New Report Finds Significant Opportunity for SUNY to Grow Support for Local Farms and Health of College Students


David Haight, New York State Director


May 24, 2018– Today, American Farmland Trust and The New York Academy of Medicine released a new report, “On the Plate at SUNY: Growing Health, Farms and Jobs with Local Food.” The report found that if the State University of New York (SUNY) and its 64 campuses were to allocate 25% of their existing $150 million annual food budget toward New York-grown and minimally-processed foods, it would create $54 million of economic activity in New York.

“As one of the nation’s leading university systems, SUNY has an excellent opportunity to demonstrate that intentionally buying food grown in our state can help local farmers and improve the health of college students,” said David Haight, New York State director of American Farmland Trust. “New York farms produce an abundance of fruits and vegetables, milk, meats and other products that campuses are already buying. But, more can be done. Strong leadership and a commitment to spend at least 25% of SUNY’s food dollars on other foods grown in New York would have a dramatic impact on farmers and the state’s economy.”

Increasing the availability of fresh and minimally-processed foods from New York farms offered at SUNY dining halls and on-campus food pantries also has the potential to provide greater food security and improve the health of over 430,000 SUNY students.

“Ensuring that fresh, healthy, locally grown food has a permanent place on the public plate will provide important contributions toward advancing the New York State Prevention Agenda—the state’s roadmap for health—and educational institutions can play a significant role in this effort,” said Judith A. Salerno, MD, MS, president of The New York Academy of Medicine.

The ‘On the Plate at SUNY’ report recommends:

  • Setting goals for the SUNY system and individual campuses to spend at least 25 percent of their food dollars on fresh and minimally processed foods grown in New York
  • Improving the tracking of fresh or minimally-processed foods purchased from New York farms
  • Allocating resources to support local food purchasing and promotion on SUNY campuses, including a system-wide Farm-to-SUNY coordinator and campus coordinator positions to promote and support local food purchasing across campuses

SUNY includes 64 campuses with more than 436,000 students and 91,000 faculty and staff. The report shares results from a survey conducted in 2017 of 55 SUNY campuses with dining. Twenty-three SUNY campuses completed the survey about food purchasing on their campus.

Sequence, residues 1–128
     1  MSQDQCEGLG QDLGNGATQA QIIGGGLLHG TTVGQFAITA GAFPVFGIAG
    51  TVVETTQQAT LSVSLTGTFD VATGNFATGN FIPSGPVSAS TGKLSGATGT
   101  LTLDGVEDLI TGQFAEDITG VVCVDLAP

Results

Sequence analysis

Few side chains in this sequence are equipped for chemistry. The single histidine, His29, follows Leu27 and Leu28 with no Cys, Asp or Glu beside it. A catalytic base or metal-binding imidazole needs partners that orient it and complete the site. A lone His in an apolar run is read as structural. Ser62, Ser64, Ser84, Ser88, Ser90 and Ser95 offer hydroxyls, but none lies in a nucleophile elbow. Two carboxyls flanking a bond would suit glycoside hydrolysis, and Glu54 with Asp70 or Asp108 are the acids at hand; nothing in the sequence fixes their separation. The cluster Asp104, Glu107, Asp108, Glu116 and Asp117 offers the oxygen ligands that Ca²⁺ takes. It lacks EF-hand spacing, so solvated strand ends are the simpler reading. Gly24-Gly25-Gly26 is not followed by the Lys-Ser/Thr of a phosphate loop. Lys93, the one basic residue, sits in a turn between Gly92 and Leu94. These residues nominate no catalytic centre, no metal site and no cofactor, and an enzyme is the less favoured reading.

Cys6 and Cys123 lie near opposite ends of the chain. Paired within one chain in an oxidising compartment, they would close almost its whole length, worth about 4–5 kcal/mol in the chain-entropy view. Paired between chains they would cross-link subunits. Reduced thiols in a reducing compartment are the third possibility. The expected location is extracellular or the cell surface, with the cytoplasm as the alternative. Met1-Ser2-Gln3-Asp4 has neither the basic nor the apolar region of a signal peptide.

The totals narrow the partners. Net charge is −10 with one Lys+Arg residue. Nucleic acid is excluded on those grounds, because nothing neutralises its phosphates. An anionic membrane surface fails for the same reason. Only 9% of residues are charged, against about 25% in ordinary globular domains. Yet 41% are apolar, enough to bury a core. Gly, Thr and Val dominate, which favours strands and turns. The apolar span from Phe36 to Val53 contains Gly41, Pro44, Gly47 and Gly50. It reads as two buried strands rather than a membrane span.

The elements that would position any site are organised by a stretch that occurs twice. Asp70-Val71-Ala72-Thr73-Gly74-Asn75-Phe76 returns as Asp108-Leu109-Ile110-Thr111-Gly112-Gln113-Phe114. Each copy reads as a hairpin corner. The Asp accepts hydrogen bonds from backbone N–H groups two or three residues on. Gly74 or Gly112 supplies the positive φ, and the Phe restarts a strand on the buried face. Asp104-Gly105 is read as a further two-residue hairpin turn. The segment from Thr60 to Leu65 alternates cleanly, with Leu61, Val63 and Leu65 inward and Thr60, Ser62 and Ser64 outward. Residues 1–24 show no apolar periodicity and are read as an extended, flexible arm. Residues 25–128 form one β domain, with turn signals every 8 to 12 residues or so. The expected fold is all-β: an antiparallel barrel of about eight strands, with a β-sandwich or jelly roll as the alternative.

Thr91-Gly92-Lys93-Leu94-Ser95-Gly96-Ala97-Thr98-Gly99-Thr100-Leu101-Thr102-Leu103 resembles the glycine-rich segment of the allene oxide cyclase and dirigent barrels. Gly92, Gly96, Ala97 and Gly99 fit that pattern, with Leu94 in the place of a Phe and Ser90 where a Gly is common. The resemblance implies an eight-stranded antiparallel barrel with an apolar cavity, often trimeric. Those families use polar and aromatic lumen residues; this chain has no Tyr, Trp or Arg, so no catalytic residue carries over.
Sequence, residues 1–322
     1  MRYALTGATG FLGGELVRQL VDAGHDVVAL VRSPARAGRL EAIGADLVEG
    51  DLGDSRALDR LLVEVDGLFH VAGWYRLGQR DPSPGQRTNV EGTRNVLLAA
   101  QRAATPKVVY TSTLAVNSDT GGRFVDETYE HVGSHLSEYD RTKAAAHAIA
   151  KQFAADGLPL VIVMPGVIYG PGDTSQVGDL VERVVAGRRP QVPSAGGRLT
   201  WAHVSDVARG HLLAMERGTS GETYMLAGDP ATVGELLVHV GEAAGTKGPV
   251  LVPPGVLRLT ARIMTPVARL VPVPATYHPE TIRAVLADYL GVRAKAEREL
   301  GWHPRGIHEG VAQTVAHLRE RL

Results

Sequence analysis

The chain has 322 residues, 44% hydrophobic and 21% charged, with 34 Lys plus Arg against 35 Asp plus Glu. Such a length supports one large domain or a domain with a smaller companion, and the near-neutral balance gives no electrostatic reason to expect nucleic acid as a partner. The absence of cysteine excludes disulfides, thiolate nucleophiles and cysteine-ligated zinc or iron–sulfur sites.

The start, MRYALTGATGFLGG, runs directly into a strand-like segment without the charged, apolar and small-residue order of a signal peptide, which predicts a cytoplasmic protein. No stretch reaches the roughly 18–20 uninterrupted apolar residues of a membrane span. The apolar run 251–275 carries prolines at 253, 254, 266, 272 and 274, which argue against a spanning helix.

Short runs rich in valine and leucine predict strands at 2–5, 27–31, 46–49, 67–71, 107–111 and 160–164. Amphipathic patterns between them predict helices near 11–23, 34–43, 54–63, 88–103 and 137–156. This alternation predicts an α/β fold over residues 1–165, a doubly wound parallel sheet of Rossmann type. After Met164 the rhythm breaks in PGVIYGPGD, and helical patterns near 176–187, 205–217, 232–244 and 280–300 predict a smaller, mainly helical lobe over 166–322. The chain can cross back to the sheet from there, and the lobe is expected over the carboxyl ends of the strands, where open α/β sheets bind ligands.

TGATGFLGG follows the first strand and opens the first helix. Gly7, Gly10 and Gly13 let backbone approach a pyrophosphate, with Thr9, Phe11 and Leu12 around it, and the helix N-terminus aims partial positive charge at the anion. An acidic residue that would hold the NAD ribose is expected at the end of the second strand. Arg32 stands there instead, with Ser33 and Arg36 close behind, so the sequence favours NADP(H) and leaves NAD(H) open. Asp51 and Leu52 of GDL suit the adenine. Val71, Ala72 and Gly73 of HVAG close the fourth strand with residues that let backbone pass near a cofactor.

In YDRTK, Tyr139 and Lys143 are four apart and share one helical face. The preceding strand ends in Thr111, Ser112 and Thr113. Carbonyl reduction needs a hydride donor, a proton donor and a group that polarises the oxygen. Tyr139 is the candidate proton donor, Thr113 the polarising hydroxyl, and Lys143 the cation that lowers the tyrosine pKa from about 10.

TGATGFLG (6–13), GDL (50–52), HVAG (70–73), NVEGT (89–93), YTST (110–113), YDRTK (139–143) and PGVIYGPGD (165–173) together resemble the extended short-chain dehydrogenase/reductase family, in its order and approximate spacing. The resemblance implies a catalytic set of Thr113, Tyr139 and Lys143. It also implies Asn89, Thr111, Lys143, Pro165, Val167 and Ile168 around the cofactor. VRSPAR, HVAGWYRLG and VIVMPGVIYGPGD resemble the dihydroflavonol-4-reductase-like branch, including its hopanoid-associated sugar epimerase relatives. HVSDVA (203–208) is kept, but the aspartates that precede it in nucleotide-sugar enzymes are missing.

Read the full report, On the Plate at SUNY: Growing Health, Farms and Jobs with Local Food.

‘On the Plate at SUNY’ is the second in a series of reports developed by American Farmland Trust and The New York Academy of Medicine. The initial report, “The Public Plate in New York State: Growing Health, Farms and Jobs with Local Food,” provides an overview of how boosting public spending on fresh New York State-grown foods in schools, childcare centers, older adult centers, food pantries and other institutions has the potential to increase health and economic opportunity for the state.


About American Farmland Trust

American Farmland Trust is the only national conservation organization dedicated to protecting farmland, promoting sound farming practices and keeping farmers on the land. Since 1980, American Farmland Trust has helped to permanently protect more than 6 million acres of farm and ranch land. Learn more at

American Farmland Trust launched its collaborative Farm to Institution New York State initiative in 2013 to strengthen the economic security of farmers and health of New Yorkers by empowering institutions to spend at least 25% of their food budgets on food grown in New York. Learn more at    

About The New York Academy of Medicine

Established in 1847, The New York Academy of Medicine is dedicated to ensuring everyone has the opportunity to live a healthy life. Through our original research and policy and program initiatives we provide the evidence base to address the structural and cultural barriers to good health and drive progress toward health equity. This work and our one-of-a-kind public programming is supported by our world class historical medical library and our Fellows program, a unique network of more than 2,000 experts elected by their peers from across the professions affecting health. Learn more at